This post may contain affiliate sales links. Please read my disclosure policy.
This soft, *easy* Homemade Bread Recipe is a classic, go-to, simple white bread recipe suitable for snacking, toasting or sandwich making. Also easily adaptable into honey whole wheat loaves. Amazing fresh out of the oven with honey butter. Also so good when turned into grilled cheese or served alongside chili or soup.
Homemade Bread – So Much Better Than Store Bought!
Today I’m sharing one of those recipes I make all the time that I haven’t ever posted to the blog, my Homemade Bread Recipe! The last 4 or 5 weeks in a row, I’ve been making this soft sandwich bread on Sundays so we have a loaf to enjoy all week and my husband can take a loaf back with him to DC. (This recipe makes two!) Whether I’m making beef stew or simple chicken noodle soup, this bread is the perfect accompaniment. I’ve tested this recipe at least 6 times, trying to get it right where I want it and we are finally there! So here is this recipe for you all to enjoy.
In order to have success, I’m going to write out everything I can possibly think of so you can have some amazing bread to show for the 3+ hours of work. Bread making IS work, but relatively easy work that is so so worth it!! Plus 2 hours is just waiting for it to rise, so it’s really not so bad!
Basic Bread Ingredients
For ANY bread recipe, you will use the same basic ingredients. Whether it’s for crescent rolls, pizza dough or even cinnamon rolls, the ingredients generally are the same. Most of these items should be ridiculously easy to find, if not already in your pantry! Be sure to double check your yeast to ensure it’s not expired.
- Warm Water. In order to dissolve the yeast and proof it (meaning make sure its fresh and will give you the lift you’re looking for) you’re going to want to stir it into warm water. Think the temperature of baby bath water. Always err on the side of too cold than too hot. This way you won’t accidentally kill your yeast.
- Active Dry Yeast. I buy the packets of yeast for ease, but any kind or brand of active dry yeast is fine. Just make sure its not expired. I like keeping my yeast in the fridge.
- Honey. I dissolve the honey into the warm water to act as food for the yeast to help it proof quicker.
- All Purpose Flour. For two white loaves of bread, I use unbleached all-purpose flour. See my notes below for making honey whole wheat loaves.
- Granulated Sugar. I like my bread on the slightly sweeter side, so I add in 1/4 cup (which equates to 2 tablespoons per loaf…so not *that* sweet overall.)
- Salt. Do not forget the salt! This makes an enormous difference in the finished product.
- Melted Butter. Adds flavor and the fat adds texture too.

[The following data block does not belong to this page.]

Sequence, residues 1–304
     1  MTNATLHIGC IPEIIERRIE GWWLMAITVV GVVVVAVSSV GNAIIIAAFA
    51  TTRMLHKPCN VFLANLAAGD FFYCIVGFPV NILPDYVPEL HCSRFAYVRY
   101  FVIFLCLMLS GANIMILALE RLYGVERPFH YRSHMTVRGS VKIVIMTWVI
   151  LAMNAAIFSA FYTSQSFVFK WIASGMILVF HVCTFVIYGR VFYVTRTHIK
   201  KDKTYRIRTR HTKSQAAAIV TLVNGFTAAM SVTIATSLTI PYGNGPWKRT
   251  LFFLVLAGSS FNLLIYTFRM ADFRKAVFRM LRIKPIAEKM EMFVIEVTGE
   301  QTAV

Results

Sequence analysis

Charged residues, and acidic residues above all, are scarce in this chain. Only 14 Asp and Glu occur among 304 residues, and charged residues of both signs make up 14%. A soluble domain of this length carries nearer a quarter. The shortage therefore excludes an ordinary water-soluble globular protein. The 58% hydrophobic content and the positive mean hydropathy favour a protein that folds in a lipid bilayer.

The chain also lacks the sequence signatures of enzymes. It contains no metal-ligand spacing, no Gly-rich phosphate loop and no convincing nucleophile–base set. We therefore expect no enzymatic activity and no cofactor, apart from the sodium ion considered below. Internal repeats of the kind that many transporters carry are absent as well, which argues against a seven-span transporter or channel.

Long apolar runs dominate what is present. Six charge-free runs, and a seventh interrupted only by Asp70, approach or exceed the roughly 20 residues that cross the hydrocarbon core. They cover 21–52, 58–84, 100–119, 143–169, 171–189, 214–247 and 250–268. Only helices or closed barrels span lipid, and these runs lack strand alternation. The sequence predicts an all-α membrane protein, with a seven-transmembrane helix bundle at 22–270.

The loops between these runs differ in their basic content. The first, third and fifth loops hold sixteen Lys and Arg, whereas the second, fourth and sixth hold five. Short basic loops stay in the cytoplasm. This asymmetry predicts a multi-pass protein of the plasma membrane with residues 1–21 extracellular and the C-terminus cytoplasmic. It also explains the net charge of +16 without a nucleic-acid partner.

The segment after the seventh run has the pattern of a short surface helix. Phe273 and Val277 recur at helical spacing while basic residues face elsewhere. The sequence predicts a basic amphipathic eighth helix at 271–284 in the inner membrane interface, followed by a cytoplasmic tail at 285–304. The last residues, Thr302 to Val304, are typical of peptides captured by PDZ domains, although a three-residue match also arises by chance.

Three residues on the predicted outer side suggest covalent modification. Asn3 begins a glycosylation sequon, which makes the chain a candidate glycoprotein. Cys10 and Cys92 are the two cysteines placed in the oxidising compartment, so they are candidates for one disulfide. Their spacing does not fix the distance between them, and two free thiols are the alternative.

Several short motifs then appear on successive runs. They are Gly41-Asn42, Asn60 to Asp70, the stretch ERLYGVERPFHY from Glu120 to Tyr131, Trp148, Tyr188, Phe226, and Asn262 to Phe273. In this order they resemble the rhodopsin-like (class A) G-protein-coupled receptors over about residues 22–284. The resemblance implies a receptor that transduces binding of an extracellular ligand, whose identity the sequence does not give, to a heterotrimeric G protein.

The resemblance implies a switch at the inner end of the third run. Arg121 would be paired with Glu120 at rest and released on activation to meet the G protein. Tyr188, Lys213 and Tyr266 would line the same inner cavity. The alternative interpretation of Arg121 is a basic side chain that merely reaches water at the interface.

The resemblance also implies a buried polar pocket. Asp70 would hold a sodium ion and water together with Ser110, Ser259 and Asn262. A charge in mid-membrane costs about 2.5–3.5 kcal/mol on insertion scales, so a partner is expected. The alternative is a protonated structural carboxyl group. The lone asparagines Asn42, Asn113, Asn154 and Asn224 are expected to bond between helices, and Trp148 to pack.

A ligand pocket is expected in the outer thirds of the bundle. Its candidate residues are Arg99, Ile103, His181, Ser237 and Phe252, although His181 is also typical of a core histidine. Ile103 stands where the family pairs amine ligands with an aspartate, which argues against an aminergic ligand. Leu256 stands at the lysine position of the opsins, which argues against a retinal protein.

Scared to Work With Yeast? Read This First!
Nervous to work with yeast? Scared this bread recipe won’t work for you? RELAX! This whole bread making process is much easier than you think. Take a breath and read my best tips for beginners:
- First things first is check your yeast. Make sure it is fresh and not past it’s expiration date. This recipe calls for active dry yeast, not fast acting, quick rise yeast (though that would totally work in a pinch).
- Use warm water and honey to activate your yeast. If you are concerned about killing your yeast by using water that is too hot, err on the side of too cold. You’re looking for lukewarm water, the temperature baby bath water would be.
- You’ll know your yeast is activated if you see foam and small bubbles forming at the top of your water-yeast mixture after 5-10 minutes.
- If you don’t see any bubbles or any sign that your yeast is alive, throw it out and start again. You get soft and airy bread from yeast that creates air bubbles as it rises and then bakes.
- I recommend kneading by hand because you are much less likely to over-knead and add too much flour. If you are using a stand mixer, you’ll have to watch it carefully to ensure you get the right texture. You’re looking for a slightly tacky, smooth dough that doesn’t stick to your hands.
- I’ve typed out the variation for honey whole wheat bread in the recipe card, if that’s your thing. Same tips apply, you’ll just use less flour.
How to Make Homemade Bread
If you’re new to this process, I’d recommend making this by hand and forgoing the stand mixer. You want to be able to feel the dough and not accidentally over-knead it (which can be easy to do when using a machine). All increments and specific instructions are located in the actual bread recipe card at the bottom of this post.
Stir warm water, active dry yeast and honey together until dissolved. Set aside 5-10 minutes to bubble and foam. It should start creating bubbles within 5 minutes. If it doesn’t seem to be doing anything, your water may have been too hot OR the yeast is expired. Throw away and try again with cooler water and/or fresh yeast.
Form the Bread Dough